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There is a harsh new reality to blogging, and it really affects both bloggers and blog followers, particularly those who utilize Facebook, so I thought I’d share what I know and what I’ve learned about it to this point.
Follow along with this line of thought. It all comes together in the end.
The Harsh New Reality of Being a Blogger
- Writing a daily blog post takes me anywhere from 10 minutes to 50 hours. The usual post probably takes me about two hours to write, put together, layout, and schedule on my website.
- I upload 1-2 new posts here on Single Dad Laughing every day.
- For most posts, I record a podcast to go with it. This takes me usually about 30 minutes to 1 hour to record it, convert the music, upload it, and add it into the code.
- I have followers on Facebook (SDL), Facebook (personal), Twitter, Pinterest, RSS, Email, Podcast, Instagram, YouTube, and bookmark/direct entry.
- Even though roughly 75% of my readers are subscribed on Facebook, more than 90% of my traffic is driven through Facebook.
- Each day I spend 5-7 hours in all of those social media platforms liking things, sharing things, bantering with people, commenting, etc. Keeping up with a readership as much as you can is a necessary part of blogging.
- Each week I spend an average of 4-8 hours doing web and blog post design/coding.
- Each day I receive between 5 and 1000 emails from readers. On a typical day when nothing “big” is going on, I get about 30 or 40 emails from readers and 30-40 from companies, advertisers, sponsors, interview requests, etc. Each day I only have about one hour to spend answering emails. Unfortunately I have to spend most of that time with the more official and business-related correspondences.
- At least 3-4 times a month, I have a major issue with the website that takes me anywhere from 20 minutes to eight hours to fix.
- With a blog like mine that is fortunate to have spike-traffic (viral) posts every four months or so on average, I have to have two servers in place. One to handle the databases, and one to handle the processing. Most of the time I don’t need near that much power/juice, but I have to have it in place for the really high traffic stuff or my site crashes during those times and nobody can get on. These two servers amount to about $7,200/year.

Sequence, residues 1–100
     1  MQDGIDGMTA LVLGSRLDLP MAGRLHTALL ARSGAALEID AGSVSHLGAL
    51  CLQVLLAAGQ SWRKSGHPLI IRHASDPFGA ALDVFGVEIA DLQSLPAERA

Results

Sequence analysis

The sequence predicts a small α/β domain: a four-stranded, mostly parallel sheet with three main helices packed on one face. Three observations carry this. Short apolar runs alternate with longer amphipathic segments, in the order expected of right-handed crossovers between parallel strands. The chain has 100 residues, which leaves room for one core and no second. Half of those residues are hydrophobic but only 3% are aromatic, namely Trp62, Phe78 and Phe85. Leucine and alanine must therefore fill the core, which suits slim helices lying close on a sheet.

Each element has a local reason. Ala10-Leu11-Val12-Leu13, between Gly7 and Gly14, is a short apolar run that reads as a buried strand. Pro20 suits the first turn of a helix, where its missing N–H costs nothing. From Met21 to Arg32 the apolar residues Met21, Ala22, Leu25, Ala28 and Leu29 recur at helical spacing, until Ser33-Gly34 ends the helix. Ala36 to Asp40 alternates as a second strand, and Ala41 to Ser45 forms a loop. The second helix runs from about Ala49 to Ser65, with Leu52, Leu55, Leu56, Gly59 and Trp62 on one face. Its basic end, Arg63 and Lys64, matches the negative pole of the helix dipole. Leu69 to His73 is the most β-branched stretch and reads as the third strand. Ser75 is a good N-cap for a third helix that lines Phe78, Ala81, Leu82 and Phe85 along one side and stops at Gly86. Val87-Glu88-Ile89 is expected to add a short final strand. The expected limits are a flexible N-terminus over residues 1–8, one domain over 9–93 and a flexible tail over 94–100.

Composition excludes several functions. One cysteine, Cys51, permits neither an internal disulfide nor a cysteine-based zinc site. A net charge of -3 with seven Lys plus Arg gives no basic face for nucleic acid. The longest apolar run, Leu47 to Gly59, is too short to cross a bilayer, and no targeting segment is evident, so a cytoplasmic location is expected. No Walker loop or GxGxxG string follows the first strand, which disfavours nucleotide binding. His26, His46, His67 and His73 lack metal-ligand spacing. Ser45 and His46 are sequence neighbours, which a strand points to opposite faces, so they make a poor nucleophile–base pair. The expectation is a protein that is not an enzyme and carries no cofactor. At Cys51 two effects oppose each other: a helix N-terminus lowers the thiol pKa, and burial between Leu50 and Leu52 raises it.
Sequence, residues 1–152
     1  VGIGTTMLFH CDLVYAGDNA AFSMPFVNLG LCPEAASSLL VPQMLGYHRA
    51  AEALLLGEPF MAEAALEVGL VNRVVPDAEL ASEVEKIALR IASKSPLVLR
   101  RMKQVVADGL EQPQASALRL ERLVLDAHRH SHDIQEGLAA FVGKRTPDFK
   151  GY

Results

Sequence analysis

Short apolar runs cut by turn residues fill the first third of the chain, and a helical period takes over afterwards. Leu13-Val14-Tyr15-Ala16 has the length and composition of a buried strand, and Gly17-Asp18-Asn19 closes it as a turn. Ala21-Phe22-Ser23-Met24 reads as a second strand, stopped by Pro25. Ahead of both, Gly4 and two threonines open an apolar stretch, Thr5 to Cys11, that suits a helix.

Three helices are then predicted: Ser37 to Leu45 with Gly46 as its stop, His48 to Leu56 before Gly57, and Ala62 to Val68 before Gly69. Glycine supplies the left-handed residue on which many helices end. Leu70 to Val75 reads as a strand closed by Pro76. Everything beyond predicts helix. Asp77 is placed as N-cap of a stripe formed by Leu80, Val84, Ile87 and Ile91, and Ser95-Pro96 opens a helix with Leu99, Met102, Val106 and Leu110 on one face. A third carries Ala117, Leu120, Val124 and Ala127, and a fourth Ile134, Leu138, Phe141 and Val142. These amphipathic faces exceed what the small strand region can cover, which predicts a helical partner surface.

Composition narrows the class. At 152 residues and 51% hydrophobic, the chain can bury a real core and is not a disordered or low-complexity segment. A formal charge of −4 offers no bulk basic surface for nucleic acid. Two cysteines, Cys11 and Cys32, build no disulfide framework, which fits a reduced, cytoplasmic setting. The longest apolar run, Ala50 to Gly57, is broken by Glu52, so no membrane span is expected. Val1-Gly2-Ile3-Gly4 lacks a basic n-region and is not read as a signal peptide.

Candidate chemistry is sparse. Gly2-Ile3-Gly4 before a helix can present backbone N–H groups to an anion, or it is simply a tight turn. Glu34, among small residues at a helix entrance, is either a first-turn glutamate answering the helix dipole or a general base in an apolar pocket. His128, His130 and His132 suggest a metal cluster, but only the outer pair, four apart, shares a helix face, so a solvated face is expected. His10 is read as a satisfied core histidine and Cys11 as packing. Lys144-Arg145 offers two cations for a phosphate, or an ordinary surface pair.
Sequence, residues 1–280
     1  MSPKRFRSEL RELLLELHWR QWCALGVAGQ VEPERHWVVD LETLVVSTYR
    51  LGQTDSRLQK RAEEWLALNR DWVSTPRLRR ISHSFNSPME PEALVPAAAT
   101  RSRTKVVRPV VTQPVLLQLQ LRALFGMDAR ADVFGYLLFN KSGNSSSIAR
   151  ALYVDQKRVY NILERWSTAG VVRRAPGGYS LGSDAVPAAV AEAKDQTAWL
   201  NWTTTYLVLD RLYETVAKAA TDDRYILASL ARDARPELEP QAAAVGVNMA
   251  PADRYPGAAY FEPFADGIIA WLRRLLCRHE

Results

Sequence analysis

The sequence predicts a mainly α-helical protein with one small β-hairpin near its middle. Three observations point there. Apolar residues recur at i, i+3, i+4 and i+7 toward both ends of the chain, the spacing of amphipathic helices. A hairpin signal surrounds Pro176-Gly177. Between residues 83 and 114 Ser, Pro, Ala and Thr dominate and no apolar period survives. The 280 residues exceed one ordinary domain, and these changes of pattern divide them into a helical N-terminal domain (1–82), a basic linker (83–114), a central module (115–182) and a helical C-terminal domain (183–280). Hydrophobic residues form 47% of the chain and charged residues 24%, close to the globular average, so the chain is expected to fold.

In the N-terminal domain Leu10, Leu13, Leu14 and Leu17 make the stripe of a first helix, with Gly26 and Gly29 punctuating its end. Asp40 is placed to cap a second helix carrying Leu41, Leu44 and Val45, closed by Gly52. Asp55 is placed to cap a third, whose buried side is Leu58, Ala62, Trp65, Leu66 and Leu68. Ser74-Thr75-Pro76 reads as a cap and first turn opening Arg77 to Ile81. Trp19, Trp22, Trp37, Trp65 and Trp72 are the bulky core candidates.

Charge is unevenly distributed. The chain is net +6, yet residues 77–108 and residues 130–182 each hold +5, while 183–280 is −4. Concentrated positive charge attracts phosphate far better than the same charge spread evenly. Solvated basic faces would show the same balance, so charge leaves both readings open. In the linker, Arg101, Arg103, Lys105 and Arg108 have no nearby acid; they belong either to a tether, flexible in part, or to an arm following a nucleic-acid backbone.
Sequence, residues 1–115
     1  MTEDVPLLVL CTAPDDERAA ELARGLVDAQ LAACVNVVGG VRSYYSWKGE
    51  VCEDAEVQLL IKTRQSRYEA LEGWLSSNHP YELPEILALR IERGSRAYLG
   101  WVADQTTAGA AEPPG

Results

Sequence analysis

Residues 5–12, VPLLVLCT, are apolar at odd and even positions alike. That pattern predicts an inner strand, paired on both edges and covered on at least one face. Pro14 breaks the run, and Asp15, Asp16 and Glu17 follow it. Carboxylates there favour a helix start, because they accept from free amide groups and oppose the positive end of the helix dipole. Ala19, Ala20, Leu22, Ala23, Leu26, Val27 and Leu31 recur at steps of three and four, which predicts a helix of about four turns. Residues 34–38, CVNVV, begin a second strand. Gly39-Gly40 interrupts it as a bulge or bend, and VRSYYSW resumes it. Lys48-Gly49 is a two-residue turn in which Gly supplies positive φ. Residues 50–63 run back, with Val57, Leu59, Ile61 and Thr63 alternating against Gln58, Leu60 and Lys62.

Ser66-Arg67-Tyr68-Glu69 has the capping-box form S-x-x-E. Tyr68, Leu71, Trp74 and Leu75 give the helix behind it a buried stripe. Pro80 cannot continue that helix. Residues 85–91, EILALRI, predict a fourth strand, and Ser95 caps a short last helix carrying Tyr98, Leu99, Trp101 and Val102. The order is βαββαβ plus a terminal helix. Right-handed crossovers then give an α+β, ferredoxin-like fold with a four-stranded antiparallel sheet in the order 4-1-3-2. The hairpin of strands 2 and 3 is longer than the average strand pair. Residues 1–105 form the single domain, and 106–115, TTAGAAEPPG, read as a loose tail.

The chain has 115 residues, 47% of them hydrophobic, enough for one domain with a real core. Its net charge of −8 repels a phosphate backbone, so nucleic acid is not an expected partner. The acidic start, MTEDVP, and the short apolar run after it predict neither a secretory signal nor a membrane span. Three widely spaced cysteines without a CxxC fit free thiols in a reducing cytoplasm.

- There are seven billion people in the world.
- Two billion of those people speak English.
- It is estimated that there are more than fifty million blogs in existence.
- This is just an educated guess, but I’m guessing about 500,000-1,000,000 of those blogs are from personal bloggers who actively push non-family and no-friends to their blogs, and I’m guessing only 100,000-200,000 bloggers really try to grow their blogs and platforms into revenue makers. So, 150,000 average. These are just guesses (no definitive data exists that I know of), so please note that I may be way off.
- If you take the two billion English speakers in the world and narrow that down to native English speakers which account for 400 million people, you cover about 99.5% of blog readership on my blog.
- Women cover 85% of my readership, men 15%. From what I understand this is typical of many blogs. So take that 400 million people down to 235 million. Now take out the very old and the people under 18 (for which blogs have almost no readership), then take out an increasing percentage of the population who don’t follow blogs by age (the older the demographic goes past age 35, the less blog readers there are) and the number becomes something more around 90 million.
- Now take into account that most people don’t follow blogs, don’t care about following blogs, and never will. So let’s cut that 90 million down to, oh, I don’t know, 5 million for math’s sake. Keep in mind I’m not talking about people who visit blogs here. I’m talking about people who follow them, which is a blogger’s life source.
- This means that 150,000 bloggers are trying to divide the attention of 5 million people. If they were distributed evenly to every blog without overlapping, that’s about 66 potential blog followers for each blog. But we all know that we don’t live in that kind of world. And readership is all relative. Some bloggers think I have a huge blog following. I do. But There are other bloggers who have many more times the readership I do. And many bloggers that are close to the same as me. And the further you get to zero followers, the bigger the numbers of bloggers gets. It’s very similar to the “wealth curve” of America.
- This means that the vast majority of those 5 million blog readers are reading only the top 5,000 blogs or so. And the vast majority of the majority are reading the top 500 blogs or so. And the majority of that majority are reading the top 50-100 blogs or so.
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